What would your cheesy Thanksgiving giving thanks post say? What’re two things you’re thankful for?

Brené Brown’s recent talk at Hubspot’s Inbound Conference was captured in Inc.com’s article “How to Avoid a Perfect Shame Spiral at Work”, and it was incredibly relevant to me just yesterday.

Brené Brown, behind the famous TED talk “The Power of Vulnerability”, spoke about the common miscommunication that happens in the workplace where parties neglect to speak their honest thoughts, and often spiral into shaming themselves.

Brené gives an example where she had unilaterally dismissed her CFO’s idea in a meeting without a clear explanation as to why. Commonly, someone in the CFO’s shoes would think the worst as to why his idea was dismissed. He’d focus on his greatest vulnerabilities as potential causes.
However, in Brené’s real-world case, her CFO was brave enough to speak to Brené afterwards about the matter. Her reply was that the CFO’s idea was so important it needed its own meeting and action plan.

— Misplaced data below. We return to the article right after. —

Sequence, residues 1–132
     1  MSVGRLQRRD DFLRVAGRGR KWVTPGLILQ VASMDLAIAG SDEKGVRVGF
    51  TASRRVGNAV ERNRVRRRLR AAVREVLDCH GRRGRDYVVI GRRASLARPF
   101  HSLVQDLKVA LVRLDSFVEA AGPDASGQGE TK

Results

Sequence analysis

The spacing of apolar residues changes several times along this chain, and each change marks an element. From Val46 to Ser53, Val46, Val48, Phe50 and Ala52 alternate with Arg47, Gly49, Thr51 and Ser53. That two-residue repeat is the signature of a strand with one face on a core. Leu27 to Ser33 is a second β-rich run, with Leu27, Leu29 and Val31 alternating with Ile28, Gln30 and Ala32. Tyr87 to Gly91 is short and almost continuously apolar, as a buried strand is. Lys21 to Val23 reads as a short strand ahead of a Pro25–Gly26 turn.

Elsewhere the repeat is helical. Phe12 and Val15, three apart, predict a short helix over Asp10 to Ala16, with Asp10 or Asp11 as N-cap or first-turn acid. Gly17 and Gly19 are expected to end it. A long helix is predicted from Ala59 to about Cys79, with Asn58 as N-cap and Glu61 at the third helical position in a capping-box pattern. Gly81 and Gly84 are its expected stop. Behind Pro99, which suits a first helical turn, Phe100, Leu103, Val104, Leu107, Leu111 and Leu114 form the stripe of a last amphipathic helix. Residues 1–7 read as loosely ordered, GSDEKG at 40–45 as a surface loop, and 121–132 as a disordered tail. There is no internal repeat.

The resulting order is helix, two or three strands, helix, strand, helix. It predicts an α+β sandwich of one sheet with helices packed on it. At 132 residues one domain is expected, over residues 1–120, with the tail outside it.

A similar shame spiral was close to happening to me recently. At one of the companies I’m working with, my role has shifted greatly away from product management and towards marketing. However, marketing-wise, much is in a holding pattern while we wait for campaigns to trigger and the new product to launch. Thus, I’ve stepped back, wary of micro-managing a very capable marketing team.
To the company’s Founder, it looks like I am less passionate in the product and company. In my head, I am aware of timing and thinking how I can best bring value to the company given where we are in the product launch and marketing campaigns. Except, unlike Brené’s CFO, I’ve kept these thoughts internalized till I figure out how best to proceed.
The Founder realized my diminished role and stepped up to talk to me about my situation. We had a great talk about what was happening, and developed a plan moving forward. However, it took him to speak with me, not me being more proactive.
Thinking about Brené’s message, I can fall into a shame spiral often, but hopefully, don’t. If I do fall victim, it’s because I’m afraid of the possible outcome or that I am not good enough. This is where I can improve in being more assertive and viewing these situations as more collaborative rather than my singular view with set outcomes to avoid the shame spiral.
What was a situation where you fell into a shame spiral? How could you mitigate against these occurrences? Also, what are vulnerabilities did you start to rationalize for yourself, and what are you doing to overcome those?